If a letter arrives in your mailbox, that doesn't necessarily mean it's legitimate.
The envelope arrives in the mail and looks official, and it has important documents stamped on it, or time-sensitive information. But, these are all tactics scammers use.
"This is a government look-alike scheme. And basically the mailings look like they are from the government," said U.S. Postal Inspector Renee Focht.
A scam letter we were shown has a California Labor Compliance return address, directed to the Business Compliance Department. In bold letters, the letter said "Final Notice."
The problem was, there is no such department.
"These mailings looked official," Focht said. "They used names that included the United States, trademark, office you know..."
One mailing claimed it would cancel a business trademark if not paid immediately. Immediacy, Focht said, is part of the game.
"(Scammers make) threats to make people hurry up and pay the funds."
Inspectors said an astute postal employee tipped them off to the case after seeing more than 100 pieces of mail arrive for a rented post office box.
"I just became suspicious because it was just too much mail," USPS employee Nora Flores said.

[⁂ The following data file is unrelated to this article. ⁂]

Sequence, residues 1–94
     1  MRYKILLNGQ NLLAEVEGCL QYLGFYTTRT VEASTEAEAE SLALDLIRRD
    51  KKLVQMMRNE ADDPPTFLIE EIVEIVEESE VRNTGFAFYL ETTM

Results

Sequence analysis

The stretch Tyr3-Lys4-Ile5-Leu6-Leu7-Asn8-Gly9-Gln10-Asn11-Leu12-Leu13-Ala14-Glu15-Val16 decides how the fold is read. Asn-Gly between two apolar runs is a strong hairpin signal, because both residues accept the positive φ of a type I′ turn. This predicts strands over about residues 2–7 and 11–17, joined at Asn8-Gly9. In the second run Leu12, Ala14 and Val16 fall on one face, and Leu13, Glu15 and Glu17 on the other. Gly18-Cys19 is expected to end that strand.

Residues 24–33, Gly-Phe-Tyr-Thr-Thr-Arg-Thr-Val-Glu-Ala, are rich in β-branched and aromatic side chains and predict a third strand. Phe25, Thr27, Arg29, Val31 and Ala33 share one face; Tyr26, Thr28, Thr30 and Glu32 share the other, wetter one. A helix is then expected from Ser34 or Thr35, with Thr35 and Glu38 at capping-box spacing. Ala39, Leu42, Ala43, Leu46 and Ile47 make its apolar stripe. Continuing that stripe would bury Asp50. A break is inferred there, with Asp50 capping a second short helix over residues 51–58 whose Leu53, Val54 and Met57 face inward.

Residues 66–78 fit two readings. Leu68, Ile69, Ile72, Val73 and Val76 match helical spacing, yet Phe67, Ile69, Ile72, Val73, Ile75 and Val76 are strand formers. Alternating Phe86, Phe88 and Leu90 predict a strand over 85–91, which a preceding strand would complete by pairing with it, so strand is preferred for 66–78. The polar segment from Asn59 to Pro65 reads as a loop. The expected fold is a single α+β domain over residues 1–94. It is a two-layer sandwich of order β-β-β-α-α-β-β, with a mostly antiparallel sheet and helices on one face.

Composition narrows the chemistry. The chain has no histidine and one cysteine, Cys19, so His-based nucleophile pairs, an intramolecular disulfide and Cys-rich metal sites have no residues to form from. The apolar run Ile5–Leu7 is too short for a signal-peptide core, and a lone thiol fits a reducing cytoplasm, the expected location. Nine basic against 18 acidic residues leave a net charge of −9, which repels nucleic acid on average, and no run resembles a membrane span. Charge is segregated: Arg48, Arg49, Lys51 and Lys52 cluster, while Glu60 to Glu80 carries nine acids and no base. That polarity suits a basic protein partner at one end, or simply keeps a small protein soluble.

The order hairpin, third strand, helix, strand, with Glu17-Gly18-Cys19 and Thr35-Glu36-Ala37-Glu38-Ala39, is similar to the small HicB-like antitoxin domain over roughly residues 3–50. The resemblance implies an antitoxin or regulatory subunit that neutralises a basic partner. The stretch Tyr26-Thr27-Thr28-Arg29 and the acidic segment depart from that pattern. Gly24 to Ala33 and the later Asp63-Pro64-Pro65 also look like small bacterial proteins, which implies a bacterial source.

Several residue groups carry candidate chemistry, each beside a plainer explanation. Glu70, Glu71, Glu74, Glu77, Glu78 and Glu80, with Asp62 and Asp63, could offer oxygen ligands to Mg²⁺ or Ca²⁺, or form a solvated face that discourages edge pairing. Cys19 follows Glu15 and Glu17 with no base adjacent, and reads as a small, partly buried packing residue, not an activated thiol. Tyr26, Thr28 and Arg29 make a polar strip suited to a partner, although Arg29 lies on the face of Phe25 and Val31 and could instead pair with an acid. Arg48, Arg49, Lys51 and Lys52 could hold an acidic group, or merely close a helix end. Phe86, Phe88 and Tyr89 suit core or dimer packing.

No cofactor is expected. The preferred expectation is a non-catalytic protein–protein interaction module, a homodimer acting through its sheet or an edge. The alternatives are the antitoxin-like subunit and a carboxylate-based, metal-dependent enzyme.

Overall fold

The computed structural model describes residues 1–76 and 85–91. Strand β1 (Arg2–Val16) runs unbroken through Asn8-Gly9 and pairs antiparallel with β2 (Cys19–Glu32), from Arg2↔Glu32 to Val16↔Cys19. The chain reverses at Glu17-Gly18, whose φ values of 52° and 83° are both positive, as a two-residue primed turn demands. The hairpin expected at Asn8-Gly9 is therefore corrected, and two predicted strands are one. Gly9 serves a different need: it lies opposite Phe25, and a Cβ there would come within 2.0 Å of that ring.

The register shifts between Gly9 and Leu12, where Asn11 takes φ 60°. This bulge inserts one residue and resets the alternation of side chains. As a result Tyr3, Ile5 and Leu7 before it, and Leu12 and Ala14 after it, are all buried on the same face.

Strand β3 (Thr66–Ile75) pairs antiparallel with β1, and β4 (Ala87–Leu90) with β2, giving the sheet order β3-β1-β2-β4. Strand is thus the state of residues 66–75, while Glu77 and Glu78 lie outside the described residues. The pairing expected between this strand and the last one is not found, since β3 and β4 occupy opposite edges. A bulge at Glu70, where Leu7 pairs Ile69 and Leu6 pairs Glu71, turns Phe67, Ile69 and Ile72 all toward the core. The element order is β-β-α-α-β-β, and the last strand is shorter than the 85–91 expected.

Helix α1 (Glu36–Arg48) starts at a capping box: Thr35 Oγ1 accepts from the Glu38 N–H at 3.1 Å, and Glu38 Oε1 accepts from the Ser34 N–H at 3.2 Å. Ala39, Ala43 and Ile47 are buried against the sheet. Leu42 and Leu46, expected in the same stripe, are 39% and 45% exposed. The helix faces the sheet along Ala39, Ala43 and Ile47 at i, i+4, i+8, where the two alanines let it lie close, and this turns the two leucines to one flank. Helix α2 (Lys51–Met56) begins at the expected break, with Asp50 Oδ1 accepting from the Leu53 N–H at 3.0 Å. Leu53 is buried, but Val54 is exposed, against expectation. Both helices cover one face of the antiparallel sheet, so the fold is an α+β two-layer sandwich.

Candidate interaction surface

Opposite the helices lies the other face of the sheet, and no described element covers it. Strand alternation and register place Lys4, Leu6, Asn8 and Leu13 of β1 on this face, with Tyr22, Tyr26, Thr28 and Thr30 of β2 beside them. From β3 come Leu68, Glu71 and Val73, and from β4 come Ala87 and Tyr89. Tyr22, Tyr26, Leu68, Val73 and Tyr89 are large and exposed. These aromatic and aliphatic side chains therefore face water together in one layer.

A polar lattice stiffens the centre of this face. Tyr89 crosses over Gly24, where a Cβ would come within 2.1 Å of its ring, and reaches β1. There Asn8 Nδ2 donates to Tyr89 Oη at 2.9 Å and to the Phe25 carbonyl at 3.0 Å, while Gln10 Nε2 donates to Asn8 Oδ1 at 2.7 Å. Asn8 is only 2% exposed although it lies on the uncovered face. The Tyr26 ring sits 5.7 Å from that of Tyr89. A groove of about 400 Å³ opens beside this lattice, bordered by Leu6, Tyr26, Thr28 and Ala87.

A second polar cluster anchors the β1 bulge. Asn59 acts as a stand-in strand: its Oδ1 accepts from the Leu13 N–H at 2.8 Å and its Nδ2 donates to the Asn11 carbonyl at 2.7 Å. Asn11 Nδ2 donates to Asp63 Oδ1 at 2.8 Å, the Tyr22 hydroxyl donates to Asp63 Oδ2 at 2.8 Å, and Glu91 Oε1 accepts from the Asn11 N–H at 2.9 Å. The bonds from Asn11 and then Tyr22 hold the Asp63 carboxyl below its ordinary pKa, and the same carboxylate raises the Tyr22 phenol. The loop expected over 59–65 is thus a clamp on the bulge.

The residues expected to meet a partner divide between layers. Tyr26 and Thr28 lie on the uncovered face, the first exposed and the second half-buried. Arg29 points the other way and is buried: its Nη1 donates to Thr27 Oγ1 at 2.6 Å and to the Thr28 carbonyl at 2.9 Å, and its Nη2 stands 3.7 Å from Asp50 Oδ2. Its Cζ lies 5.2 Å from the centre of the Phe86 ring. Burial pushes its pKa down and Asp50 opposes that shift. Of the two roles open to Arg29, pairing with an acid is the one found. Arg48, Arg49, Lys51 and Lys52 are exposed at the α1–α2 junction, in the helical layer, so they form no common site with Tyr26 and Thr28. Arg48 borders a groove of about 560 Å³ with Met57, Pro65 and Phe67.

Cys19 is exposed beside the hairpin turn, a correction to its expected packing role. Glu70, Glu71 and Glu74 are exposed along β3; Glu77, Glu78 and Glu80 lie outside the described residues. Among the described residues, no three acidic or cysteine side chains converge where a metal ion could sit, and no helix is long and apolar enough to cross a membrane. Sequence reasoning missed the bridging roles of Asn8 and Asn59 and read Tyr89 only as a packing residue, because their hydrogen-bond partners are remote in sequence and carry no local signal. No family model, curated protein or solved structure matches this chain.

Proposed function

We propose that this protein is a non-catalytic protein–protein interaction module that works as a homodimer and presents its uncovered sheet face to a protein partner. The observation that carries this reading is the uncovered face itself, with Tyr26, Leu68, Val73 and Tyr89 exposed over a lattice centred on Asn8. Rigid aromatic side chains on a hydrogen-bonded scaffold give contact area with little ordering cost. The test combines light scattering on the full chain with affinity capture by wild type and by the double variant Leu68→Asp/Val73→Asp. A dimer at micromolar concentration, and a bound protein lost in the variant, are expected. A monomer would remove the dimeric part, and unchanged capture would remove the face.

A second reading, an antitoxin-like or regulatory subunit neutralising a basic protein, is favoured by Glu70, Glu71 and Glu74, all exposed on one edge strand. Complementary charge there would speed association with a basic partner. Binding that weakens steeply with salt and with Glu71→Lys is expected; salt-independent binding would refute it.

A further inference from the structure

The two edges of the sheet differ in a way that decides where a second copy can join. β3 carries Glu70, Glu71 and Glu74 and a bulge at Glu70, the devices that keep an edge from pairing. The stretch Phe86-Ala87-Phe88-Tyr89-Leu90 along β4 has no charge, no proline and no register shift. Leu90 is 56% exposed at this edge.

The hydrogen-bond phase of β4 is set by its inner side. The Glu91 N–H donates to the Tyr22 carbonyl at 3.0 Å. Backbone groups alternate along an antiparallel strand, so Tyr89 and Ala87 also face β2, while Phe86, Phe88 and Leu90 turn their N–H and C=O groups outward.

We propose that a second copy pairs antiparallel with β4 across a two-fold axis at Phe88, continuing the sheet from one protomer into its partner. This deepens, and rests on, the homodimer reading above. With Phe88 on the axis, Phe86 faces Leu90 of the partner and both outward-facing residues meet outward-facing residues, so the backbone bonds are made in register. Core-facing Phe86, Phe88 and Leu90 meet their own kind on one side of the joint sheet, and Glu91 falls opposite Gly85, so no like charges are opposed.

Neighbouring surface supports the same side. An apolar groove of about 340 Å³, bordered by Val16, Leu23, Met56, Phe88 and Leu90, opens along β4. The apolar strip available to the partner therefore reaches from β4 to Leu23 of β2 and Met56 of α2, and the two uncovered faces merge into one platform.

Inspectors quickly learned the boxes were rented with false identification. As the investigation grew, inspectors learned losses totaled more than $100,000.
"All of this money was going into bank accounts with false identification. We could never identify the suspect in this case... everything was done using false identification," Focht said.
The lesson: don't pay a bill if it doesn't look familiar.
"Recipients have to be really careful and make sure that what it is they are receiving if they are going to pay something that is actually from a government office," Focht explained.
A red flag in this case was the absence of a telephone number, fax number, e-mail address, or name of an actual person in the letter.
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Troubleshooter: Read collection letters carefully, they may be a scam